|Dual polyhedron||trigonal bipyramid|
A wedge is a subclass of the prismatoids with the base and opposite ridge in two parallel planes.
Wedges can be created from decomposition of other polyhedra. For instance, the dodecahedron can be divided into a central cube with 6 wedges covering the cube faces. The orientations of the wedges are such that the triangle and trapezoid faces can connect and form a regular pentagon.
A triangular prism is a special case wedge with the two triangle faces being translationally congruent.
- A wedge is a parallelepiped where a face has collapsed into a line.
- A quadrilaterally-based pyramid is a wedge in which one of the edges between two trapezoid faces has collapsed into a point.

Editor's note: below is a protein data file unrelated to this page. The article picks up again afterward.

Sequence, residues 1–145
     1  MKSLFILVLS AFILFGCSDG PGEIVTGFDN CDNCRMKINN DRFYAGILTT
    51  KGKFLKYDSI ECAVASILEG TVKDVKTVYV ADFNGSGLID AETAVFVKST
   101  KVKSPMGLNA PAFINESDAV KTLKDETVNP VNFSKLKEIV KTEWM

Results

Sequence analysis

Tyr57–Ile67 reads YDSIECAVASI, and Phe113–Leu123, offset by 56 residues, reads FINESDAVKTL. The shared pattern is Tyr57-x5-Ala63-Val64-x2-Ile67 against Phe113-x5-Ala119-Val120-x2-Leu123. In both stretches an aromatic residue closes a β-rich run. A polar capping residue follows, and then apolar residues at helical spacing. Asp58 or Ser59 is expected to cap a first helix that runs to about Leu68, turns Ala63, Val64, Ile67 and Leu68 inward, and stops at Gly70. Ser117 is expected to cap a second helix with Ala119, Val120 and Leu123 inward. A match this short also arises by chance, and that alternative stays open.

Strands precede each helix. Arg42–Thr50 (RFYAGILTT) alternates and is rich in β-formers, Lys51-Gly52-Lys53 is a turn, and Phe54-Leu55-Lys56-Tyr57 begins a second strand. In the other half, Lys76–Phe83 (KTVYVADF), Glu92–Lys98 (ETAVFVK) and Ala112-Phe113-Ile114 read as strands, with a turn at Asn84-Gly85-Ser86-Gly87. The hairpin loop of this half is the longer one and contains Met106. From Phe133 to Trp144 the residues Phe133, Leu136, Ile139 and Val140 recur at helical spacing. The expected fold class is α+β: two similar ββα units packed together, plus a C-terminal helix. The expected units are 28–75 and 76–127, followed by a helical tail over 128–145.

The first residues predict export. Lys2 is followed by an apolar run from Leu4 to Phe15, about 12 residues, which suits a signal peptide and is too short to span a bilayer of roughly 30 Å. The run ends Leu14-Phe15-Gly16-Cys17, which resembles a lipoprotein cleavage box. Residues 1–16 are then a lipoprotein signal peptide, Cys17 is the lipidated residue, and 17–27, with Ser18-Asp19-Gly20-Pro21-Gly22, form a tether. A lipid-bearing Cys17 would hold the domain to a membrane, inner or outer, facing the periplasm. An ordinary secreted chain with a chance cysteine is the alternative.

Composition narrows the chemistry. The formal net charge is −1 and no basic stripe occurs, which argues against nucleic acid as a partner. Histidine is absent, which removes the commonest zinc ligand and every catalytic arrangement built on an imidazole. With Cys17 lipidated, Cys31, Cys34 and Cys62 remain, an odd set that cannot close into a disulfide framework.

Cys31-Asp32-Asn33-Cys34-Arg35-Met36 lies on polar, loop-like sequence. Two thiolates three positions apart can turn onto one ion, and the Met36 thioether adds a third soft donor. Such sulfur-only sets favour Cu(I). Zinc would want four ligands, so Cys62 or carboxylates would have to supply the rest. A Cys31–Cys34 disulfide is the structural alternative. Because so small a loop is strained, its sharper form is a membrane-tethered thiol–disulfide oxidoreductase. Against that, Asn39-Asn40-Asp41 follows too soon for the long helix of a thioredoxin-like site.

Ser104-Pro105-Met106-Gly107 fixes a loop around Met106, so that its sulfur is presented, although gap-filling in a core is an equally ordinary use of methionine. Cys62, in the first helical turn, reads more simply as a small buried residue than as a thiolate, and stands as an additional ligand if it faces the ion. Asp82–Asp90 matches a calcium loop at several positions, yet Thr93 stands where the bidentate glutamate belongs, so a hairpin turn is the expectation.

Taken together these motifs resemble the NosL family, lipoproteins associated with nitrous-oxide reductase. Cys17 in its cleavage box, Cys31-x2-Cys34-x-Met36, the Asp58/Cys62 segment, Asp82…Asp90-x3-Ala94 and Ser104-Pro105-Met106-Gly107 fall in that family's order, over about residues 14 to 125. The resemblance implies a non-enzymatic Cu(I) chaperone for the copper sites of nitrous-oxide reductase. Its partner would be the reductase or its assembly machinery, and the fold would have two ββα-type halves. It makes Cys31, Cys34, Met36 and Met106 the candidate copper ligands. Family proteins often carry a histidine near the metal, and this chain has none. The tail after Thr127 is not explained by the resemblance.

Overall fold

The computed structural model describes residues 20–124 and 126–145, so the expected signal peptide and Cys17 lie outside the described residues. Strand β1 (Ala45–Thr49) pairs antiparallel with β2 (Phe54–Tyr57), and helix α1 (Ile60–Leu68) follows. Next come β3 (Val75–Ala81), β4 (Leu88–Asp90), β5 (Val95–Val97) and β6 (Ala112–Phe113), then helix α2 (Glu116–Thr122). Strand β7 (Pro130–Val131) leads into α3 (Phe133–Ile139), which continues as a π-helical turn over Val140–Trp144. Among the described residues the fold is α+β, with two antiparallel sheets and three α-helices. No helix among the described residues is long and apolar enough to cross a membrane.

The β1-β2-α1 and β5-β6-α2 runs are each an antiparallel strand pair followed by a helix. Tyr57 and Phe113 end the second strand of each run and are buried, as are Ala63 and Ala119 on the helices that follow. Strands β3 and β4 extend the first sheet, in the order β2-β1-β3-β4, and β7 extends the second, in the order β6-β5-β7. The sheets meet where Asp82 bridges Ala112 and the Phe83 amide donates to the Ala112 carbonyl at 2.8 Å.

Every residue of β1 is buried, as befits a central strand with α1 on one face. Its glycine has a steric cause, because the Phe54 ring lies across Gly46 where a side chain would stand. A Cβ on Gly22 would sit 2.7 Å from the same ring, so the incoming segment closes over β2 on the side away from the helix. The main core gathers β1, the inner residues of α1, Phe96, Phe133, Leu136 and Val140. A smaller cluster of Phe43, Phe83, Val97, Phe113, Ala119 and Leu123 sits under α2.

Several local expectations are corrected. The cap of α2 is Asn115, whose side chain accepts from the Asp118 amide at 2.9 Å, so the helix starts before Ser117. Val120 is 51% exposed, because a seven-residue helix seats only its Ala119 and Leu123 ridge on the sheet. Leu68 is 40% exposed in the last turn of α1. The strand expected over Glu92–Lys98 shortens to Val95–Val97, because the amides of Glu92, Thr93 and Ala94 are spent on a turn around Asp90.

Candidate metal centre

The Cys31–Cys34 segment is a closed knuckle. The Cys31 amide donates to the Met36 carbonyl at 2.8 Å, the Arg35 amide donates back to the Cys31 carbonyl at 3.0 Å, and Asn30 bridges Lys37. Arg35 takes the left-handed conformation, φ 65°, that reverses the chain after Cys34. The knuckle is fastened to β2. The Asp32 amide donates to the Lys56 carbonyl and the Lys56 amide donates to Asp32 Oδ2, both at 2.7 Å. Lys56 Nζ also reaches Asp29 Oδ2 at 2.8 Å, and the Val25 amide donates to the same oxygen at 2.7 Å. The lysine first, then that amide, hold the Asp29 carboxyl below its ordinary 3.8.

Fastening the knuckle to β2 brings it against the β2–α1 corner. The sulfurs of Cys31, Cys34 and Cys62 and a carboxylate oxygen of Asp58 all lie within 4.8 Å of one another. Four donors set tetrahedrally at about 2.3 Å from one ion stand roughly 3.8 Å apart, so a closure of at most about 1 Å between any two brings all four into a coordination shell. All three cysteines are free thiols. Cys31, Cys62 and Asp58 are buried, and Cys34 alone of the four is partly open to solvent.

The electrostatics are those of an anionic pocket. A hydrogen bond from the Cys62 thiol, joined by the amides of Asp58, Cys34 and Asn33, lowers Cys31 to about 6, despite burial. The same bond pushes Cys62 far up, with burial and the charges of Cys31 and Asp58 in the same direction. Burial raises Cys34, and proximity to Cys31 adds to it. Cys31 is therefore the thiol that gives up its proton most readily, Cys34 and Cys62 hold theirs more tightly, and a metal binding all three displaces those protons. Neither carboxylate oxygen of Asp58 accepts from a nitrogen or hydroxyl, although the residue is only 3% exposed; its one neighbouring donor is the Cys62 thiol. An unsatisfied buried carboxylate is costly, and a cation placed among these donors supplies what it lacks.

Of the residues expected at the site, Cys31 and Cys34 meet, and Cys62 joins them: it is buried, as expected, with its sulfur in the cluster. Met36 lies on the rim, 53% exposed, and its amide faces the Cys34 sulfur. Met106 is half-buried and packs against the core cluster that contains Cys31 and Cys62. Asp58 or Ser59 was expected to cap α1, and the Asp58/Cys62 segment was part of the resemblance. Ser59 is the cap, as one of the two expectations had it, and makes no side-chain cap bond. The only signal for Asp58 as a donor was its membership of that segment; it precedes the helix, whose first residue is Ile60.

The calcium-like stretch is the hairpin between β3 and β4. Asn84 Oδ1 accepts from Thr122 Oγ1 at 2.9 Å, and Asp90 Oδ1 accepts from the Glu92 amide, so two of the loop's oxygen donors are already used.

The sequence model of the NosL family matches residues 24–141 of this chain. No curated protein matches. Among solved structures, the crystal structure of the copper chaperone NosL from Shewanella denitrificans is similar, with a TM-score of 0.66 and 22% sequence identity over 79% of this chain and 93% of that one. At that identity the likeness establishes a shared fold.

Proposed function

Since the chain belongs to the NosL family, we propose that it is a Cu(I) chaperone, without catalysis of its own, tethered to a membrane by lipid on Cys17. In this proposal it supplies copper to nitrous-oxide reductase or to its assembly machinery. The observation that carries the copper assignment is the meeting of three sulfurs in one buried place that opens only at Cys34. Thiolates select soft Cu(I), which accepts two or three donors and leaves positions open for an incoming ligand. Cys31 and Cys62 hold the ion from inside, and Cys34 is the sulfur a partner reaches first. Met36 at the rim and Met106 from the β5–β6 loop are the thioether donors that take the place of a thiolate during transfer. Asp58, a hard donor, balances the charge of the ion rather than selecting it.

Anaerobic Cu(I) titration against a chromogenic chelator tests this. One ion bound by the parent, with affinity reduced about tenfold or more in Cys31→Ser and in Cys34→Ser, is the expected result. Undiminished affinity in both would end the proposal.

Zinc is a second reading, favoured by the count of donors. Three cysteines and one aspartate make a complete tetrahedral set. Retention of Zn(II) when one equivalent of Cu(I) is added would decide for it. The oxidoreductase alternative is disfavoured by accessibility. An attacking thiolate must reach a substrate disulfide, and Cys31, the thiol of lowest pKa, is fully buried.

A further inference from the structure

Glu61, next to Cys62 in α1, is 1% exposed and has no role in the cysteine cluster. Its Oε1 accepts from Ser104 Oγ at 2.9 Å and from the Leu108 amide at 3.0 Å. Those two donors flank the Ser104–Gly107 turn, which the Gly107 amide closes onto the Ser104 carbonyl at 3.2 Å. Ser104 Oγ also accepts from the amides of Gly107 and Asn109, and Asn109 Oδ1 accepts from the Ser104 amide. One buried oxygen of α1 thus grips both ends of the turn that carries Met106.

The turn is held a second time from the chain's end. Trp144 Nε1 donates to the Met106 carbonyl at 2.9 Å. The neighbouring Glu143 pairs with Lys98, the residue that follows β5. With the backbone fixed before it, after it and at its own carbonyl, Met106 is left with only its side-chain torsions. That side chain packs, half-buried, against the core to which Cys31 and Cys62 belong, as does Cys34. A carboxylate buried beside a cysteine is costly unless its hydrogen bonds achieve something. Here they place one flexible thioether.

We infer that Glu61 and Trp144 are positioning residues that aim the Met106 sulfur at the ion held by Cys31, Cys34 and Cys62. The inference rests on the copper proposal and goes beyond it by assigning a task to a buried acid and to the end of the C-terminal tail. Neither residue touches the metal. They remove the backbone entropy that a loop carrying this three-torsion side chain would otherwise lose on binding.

For a rectangle based wedge, the volume is
where the base rectangle is a by b, c is the apex edge length parallel to a, and h the height from the base rectangle to the apex edge.
(Parallel triangle wedge)
A wedge constructed from 8 triangular faces and 2 squares. It can be seen as a tetrahedron augmented by two square pyramids.
- Harris, J. W., & Stocker, H. "Wedge". §4.5.2 in Handbook of Mathematics and Computational Science. New York: Springer, p. 102, 1998. ISBN 978-0-387-94746-4
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